Overview: Substance abuse in the workplace may lead to an increase in avoidable on-the-job accidents, decreased productivity and potential negligent retention/supervision court claims. However, employers need to understand their legal rights and responsibilities under federal, state and local law with respect to employee drug testing and discipline.
Employers must ensure that their employee discipline policies and procedures allow for flexibility in addressing substance abuse problems in the workplace. Although an employer may choose to terminate an employee who has been found to possess illegal drugs on business premises, the option to provide the employee with a firm choice or last chance agreement in lieu of termination (requiring that the employee seek rehabilitative services) may prove a more appropriate response.
Trends: Case and criminal law continues to evolve in states with marijuana protections. Although most laws do not protect employees who are under the influence of marijuana while on-duty, employers continue to grapple with the optimal method to address marijuana use, whether on- or off-duty.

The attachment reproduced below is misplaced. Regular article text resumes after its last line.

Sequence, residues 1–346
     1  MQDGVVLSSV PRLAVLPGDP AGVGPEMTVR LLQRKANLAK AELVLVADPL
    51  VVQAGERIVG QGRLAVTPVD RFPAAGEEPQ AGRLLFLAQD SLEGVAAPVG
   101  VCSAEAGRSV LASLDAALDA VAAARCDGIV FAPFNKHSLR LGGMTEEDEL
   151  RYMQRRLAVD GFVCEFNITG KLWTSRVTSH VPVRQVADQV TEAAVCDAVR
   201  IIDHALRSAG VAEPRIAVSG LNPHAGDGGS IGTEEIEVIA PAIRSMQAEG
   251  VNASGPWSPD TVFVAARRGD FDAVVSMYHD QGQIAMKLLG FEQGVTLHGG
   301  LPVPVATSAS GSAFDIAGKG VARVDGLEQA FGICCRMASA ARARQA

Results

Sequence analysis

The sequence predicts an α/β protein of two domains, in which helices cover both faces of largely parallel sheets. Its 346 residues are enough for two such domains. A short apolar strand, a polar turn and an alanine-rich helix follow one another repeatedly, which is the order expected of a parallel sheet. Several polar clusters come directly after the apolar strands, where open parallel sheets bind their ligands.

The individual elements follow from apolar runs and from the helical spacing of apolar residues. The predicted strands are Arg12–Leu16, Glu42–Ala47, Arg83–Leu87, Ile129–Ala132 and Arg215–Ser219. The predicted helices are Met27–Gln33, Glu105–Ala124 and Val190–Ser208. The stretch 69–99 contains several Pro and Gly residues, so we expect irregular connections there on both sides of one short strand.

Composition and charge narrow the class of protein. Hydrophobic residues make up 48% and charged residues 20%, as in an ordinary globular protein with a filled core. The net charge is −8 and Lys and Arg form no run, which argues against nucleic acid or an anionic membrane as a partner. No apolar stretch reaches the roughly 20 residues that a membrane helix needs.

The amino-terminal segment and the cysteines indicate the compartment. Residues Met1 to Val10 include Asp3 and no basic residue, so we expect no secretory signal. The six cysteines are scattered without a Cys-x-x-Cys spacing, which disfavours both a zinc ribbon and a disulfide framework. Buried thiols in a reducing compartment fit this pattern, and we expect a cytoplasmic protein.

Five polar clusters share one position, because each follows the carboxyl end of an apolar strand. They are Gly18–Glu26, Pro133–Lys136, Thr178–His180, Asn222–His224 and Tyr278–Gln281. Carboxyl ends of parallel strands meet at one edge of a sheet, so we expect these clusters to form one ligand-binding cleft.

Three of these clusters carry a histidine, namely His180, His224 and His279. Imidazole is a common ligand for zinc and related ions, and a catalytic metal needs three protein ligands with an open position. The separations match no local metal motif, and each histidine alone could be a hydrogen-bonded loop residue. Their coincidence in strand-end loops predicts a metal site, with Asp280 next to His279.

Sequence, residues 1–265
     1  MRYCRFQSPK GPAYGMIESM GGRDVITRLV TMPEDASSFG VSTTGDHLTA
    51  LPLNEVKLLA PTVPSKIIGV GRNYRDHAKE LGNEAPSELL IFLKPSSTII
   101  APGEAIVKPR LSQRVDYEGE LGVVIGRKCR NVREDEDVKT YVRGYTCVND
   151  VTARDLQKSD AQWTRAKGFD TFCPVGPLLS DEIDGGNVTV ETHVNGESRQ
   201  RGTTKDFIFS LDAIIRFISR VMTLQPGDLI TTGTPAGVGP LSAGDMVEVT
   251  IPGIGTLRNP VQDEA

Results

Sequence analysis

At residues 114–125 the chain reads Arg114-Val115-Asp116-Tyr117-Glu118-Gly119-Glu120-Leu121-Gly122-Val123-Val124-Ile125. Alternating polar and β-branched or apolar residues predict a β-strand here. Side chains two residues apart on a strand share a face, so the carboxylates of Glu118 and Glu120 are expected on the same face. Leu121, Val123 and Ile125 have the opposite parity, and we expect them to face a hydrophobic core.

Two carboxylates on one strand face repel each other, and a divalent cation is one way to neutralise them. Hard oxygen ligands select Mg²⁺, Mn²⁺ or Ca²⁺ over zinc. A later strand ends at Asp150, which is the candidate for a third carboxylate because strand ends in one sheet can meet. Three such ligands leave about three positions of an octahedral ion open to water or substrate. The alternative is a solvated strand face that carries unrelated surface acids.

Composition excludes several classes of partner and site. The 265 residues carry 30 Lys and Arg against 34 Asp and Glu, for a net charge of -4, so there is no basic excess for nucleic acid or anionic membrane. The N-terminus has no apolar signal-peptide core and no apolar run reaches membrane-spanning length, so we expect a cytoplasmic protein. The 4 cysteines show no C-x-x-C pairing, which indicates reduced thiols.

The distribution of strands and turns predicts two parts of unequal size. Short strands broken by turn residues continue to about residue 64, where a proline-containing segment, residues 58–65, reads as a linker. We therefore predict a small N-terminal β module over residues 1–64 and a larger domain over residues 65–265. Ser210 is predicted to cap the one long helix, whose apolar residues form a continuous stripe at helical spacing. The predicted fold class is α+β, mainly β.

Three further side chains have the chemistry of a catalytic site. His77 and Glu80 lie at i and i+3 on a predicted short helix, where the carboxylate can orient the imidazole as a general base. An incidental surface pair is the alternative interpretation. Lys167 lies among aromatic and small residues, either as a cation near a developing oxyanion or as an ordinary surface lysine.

Author: Marta Moakley, JD, Legal Editor
Updated to include forthcoming amendment regarding alcohol testing law.
Opioid abuse has reached epidemic proportions with increased loss of life from overdoses and more than $18 billion a year in lost productivity and medical expenses for employers. XpertHR offers many tools and resources to help an employer take steps to prevent drug use and drug-related problems at their workplace and help employees who are suffering from addiction.
Updated to include retaliation protections under the forthcoming Austin paid sick leave law.
Updated to include forthcoming Vermont recreational marijuana law.
Updated to include retaliation protections in the Maryland Healthy Working Families Act, effective February 11, 2018.
Updated to reflect retaliation protections in the Minneapolis minimum wage ordinance; and the applicability of retaliation protections under the St. Paul earned sick and safe time law, effective January 1, 2018.
Updated to include retaliation protections in the domestic violence leave law, effective January 1, 2018.
Updated to include retaliation protections with respect to child-bonding leave and whistleblowing at health facilities; and amendments to retaliation civil and administrative procedures, effective January 1, 2018.
HR guidance on the legal risks of substance abuse.